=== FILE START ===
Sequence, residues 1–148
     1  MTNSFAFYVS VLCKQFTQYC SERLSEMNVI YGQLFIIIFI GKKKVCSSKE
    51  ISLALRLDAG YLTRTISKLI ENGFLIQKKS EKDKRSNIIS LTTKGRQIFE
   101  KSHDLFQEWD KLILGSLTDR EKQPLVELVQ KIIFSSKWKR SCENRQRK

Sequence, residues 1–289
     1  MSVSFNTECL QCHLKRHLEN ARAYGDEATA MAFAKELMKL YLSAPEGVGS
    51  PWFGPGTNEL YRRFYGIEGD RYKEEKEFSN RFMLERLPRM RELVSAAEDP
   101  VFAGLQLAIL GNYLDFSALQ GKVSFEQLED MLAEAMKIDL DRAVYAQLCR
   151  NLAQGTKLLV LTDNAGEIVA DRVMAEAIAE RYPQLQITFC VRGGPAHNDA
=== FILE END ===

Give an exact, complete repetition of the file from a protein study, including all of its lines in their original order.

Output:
Sequence, residues 1–148
     1  MTNSFAFYVS VLCKQFTQYC SERLSEMNVI YGQLFIIIFI GKKKVCSSKE
    51  ISLALRLDAG YLTRTISKLI ENGFLIQKKS EKDKRSNIIS LTTKGRQIFE
   101  KSHDLFQEWD KLILGSLTDR EKQPLVELVQ KIIFSSKWKR SCENRQRK

Sequence, residues 1–289
     1  MSVSFNTECL QCHLKRHLEN ARAYGDEATA MAFAKELMKL YLSAPEGVGS
    51  PWFGPGTNEL YRRFYGIEGD RYKEEKEFSN RFMLERLPRM RELVSAAEDP
   101  VFAGLQLAIL GNYLDFSALQ GKVSFEQLED MLAEAMKIDL DRAVYAQLCR
   151  NLAQGTKLLV LTDNAGEIVA DRVMAEAIAE RYPQLQITFC VRGGPAHNDA